Jefferson Davis’s Lesser-Known Nemesis

Henry Stuart Foote and the Confederate President Supported Slavery—But Loathed One Another

On Christmas morning, 1847, six important men assembled at a large boarding house in Washington, D.C., ostensibly for casual, after-breakfast conversation. In the parlance of the era, it was a “mixed” group, of four Southerners and two Northerners. All served in the United States Senate or the House of Representatives, and because of the climate of the times, they had much to discuss. The United States was about to win the Mexican War, and in the process wrest away from its Southern neighbor a massive tract of land, laying the …

How the ‘Yellow House’ Helped Make Washington, D.C., a Slavery Capital | Zocalo Public Square • Arizona State University • Smithsonian

How the Yellow House Helped Make Washington, D.C., a Slavery Capital

The Notorious Jail Lent Institutional Support to Slavery Throughout the South

Washington, D.C., was a capital not just of the United States, but of slavery, serving as a major depot in the domestic slave trade. In the District, enslaved men, women, …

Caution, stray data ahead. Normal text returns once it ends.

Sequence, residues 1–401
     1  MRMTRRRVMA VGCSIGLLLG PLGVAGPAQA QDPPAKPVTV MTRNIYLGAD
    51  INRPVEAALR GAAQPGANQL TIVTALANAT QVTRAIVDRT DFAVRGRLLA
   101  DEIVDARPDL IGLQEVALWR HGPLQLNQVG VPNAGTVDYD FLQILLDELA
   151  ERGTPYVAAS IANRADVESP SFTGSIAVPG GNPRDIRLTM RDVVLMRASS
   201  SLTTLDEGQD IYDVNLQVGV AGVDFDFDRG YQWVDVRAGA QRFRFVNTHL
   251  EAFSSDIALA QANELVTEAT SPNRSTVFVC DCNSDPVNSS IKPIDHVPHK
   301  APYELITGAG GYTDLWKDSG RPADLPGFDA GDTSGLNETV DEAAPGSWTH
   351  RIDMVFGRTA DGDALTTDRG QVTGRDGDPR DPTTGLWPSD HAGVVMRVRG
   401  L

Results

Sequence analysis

A Poem That Would Not Let Me Go | Zocalo Public Square • Arizona State University • Smithsonian

A Poem That Would Not Let Me Go

When I Found Multiple Truths in the Work of 18th-Century Poet Phillis Wheatley, She Became Some Kind of Kin

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I do not remember how old I was when my grandmother showed me Phillis Wheatley’s poetry. Ten, maybe 11? Young enough that my hands were open to everything she put …

The 60,000-Strong Jamaican Uprising That Changed the Very Nature of Revolt | Zocalo Public Square • Arizona State University • Smithsonian

The Uprising of 60,000 Jamaicans That Changed the Very Nature of Revolt

Just Months After the Groundbreaking 1831 Rebellion, the British Empire Abolished Slavery

In the summer of 1831, a select group of enslaved people in northwest Jamaica began murmuring to each other about “the business.”

To mention the fledgling enterprise in the presence …

The ‘Ferociously Contested’ Story of How Blackness Became a Legal Identity | Zocalo Public Square • Arizona State University • Smithsonian

The ‘Ferociously Contested’ Story of How Blackness Became a Legal Identity

In Cuba, Virginia, and Louisiana, Colonial Laws Defining ‘Freedom’ Still Affected the Status of Citizens Centuries Later

How did Africans become “blacks” in the Americas?

Those who were forced into the ships of the infamous slave trade probably thought of themselves using ethnic and territorial terms that …